[Date Prev][Date Next][Thread Prev][Thread Next][Date Index][Thread Index]
More New Scientist letters...
Cynthia Tenen (Stan Tenen's wife, and co-founder of the Meru Foundation)
just told me about subsequent VMS-related letters (including one from
Gabriel L) that appeared in the 8 December 2001 issue of New Scientist (all
freely readable on the web):-
In the spirit of openness, I've cut and pasted them below: any comments on
Tony Clarke's pineapple mayweed and period pains association (I presume
he's referring to f78r)? The same plant-head would seem to reappear on a
number of other pages (including the T-O map page, f86v3?).
Or the custard apple? Or the Adamites?
Very interesting... :-)
Cheers, .....Nick Pelling.....
* * * * * * * *
Language of flowers
Having never heard of the Voynich manuscript (17 November, p 36), I was
really intrigued and also amused by the various attempts by the world's
best cryptanalysts to decipher it.
As often happens, clever people tend to seek sophisticated and complex
solutions, but maybe it's better here to look for simpler methods. The
article mentions that the crudely drawn flowers and plants are unlike
anything found in nature and maybe that hints at a possible solution. Could
the drawings themselves hold the transcription key to decipher the text on
The plants shown in the article reveal leaves and roots that can easily be
counted, and possibly the resulting numbers provide the key to translate
the different pages of the document. Would it not be very ironic if all
these years people have been searching for a key while it was right in
front of them all the time?
Rudi Van Nieuwenhove
The reproduction of one of the pages of the manuscript on p 36 seems to
show the flower head of the pineapple mayweed, Matricaria matricarioides,
being "filtered" into large containers or baths where women who seem to be
in pain are splashing about. This plant has been known for many years to be
a herbal remedy for period pains. So I suggest that this page is indeed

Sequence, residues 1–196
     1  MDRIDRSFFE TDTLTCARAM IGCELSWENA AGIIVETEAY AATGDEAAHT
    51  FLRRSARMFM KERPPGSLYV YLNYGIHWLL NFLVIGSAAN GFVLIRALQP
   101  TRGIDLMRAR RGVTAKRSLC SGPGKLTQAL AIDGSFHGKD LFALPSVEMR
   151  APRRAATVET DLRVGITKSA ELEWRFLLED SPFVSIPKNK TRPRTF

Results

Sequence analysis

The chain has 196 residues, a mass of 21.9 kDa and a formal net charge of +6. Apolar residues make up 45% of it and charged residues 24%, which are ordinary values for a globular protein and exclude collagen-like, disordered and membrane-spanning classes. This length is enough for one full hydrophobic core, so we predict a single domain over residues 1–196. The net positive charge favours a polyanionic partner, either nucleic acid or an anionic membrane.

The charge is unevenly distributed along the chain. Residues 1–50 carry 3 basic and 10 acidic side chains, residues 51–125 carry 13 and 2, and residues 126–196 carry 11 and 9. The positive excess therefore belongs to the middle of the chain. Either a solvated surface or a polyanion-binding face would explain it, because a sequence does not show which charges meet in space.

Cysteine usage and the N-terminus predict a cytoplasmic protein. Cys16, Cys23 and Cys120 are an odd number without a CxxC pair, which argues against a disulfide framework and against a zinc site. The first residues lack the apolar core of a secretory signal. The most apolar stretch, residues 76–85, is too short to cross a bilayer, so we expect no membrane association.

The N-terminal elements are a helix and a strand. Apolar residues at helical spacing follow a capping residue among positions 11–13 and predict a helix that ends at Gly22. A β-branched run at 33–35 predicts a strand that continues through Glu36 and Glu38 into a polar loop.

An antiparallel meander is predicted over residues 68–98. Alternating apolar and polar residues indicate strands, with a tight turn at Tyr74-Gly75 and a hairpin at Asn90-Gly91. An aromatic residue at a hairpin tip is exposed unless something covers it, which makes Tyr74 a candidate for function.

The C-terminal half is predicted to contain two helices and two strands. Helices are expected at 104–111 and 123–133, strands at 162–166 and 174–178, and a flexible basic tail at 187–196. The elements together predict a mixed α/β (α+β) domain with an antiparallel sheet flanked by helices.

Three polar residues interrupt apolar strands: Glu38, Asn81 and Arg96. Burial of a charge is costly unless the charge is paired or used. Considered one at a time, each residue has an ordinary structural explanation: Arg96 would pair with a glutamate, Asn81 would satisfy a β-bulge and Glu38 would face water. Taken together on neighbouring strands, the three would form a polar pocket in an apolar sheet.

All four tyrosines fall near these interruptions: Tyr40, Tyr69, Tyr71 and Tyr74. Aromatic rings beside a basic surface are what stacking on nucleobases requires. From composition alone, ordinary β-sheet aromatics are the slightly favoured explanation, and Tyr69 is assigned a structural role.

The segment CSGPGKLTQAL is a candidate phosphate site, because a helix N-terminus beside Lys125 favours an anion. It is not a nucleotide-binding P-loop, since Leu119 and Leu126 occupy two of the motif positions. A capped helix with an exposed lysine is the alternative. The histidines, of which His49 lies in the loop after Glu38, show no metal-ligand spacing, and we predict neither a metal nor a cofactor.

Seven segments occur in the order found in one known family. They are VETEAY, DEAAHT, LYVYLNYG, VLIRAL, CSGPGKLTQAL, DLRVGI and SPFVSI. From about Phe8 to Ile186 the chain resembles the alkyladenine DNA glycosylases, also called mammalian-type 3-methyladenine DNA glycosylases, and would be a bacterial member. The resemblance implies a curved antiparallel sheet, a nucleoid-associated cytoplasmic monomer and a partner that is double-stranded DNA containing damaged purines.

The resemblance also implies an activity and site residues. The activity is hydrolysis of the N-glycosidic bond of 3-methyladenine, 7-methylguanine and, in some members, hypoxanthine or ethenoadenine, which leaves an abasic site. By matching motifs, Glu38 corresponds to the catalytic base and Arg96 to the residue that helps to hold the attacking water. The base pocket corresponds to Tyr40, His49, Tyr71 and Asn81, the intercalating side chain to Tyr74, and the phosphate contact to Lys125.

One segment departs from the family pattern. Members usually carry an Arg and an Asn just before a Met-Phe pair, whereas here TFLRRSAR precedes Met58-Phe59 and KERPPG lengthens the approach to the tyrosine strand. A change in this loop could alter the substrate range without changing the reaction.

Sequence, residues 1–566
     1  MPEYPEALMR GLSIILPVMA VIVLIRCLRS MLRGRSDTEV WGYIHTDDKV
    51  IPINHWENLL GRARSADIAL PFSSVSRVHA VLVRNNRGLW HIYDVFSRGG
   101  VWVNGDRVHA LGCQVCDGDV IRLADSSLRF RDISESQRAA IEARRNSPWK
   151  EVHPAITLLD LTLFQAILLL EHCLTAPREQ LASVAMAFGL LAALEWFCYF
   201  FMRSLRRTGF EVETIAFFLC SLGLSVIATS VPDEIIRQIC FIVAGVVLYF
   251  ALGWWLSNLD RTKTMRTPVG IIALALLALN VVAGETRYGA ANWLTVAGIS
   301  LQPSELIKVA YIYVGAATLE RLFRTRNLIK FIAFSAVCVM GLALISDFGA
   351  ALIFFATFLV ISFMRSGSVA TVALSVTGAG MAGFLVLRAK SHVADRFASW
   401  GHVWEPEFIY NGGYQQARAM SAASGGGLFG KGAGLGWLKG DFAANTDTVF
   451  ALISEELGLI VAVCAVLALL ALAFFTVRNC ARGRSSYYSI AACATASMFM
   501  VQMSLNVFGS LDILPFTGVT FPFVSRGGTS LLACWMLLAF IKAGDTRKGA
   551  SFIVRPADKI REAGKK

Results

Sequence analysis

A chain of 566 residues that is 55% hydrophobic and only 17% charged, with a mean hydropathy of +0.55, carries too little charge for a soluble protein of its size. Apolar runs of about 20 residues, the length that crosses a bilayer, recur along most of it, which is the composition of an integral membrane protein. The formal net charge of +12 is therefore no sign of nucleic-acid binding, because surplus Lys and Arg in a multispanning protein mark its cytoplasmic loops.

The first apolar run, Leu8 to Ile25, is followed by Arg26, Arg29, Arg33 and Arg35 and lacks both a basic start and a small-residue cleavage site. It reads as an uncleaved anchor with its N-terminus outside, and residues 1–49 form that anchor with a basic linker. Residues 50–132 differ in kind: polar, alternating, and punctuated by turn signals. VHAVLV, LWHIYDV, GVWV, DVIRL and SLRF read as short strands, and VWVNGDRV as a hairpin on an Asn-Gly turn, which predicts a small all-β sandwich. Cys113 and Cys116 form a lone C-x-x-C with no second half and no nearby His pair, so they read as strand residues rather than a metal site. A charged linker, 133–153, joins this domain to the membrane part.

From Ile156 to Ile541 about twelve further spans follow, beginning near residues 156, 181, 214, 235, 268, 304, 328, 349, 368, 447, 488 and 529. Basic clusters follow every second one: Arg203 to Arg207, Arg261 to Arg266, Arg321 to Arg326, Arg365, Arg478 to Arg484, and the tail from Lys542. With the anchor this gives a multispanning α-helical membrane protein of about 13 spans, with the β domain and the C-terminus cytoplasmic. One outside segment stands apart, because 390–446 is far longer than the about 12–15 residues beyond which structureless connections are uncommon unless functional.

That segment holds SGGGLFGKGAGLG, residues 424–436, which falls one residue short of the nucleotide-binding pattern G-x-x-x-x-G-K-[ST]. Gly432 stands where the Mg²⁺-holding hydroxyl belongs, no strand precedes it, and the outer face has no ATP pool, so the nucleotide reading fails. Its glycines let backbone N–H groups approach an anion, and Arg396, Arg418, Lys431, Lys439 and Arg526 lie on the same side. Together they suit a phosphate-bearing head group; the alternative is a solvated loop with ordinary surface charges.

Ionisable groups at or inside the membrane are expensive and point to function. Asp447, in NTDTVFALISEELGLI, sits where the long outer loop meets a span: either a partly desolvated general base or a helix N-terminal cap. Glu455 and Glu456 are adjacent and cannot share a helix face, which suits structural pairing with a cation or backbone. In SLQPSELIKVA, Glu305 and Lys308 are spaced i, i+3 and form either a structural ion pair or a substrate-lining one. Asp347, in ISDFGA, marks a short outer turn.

giving herbal medicinal advice.
Elloughton, East Yorkshire
Correction: The Voynich manuscript is approximately 234,000 characters, not
words as stated in the article. The total number of "words" (word-like
strings of characters separated by a space) is about 40,000, and there is a
vocabulary of about 8200 unique words.
I was intrigued by Catherine Zandonella's article on the Voynich
manuscript. The opening page reproduction of the two halves of a custard
apple (Annona reticulata) connected by vines passing through cylindrical
graters was delightful, as were the multiple images of our renowned
Sara-Marie doing her famous "bum-dance".
Since so many cryptologists have found the text impenetrable, it probably
is meaningless and the manuscript part of a fraud, but the illustrations
struck me forcibly as reminiscent of two things.
One is the imagery of late medieval/early modern alchemy, the jargon and
symbolism of which had grown so arcane by that time that the practitioners
could scarcely understand one another.
The other is the visual symbolism in some of the middle works of Hieronymus
Bosch. Some scholars suspected that he belonged to one of the small Adamite
sects who believed, among other things, in nudity and free love. I don't
believe he did belong to them, but he may have used some of their imagery:
his paintings do contain nude people, imaginary plants and giant bottles
Perhaps these possible clues might be worth following up, though if the
manuscript is genuine and does derive from either of those sources, it will
probably, after decoding, prove to be largely gibberish.
Interestingly, the word frequency distribution in the manuscript approaches
Zipf's law, a statistical observation regarding the word frequency that is
found in most languages. This property is unlikely to be preserved in texts
encoded using polyalphabetical substitutions with many alphabets, since
each plain text word has alternative spellings in the substituted coded
form. Such alternative spellings depend on the number of alphabets used to
encode the text and the word position in the manuscript with respect to the
University of Birmingham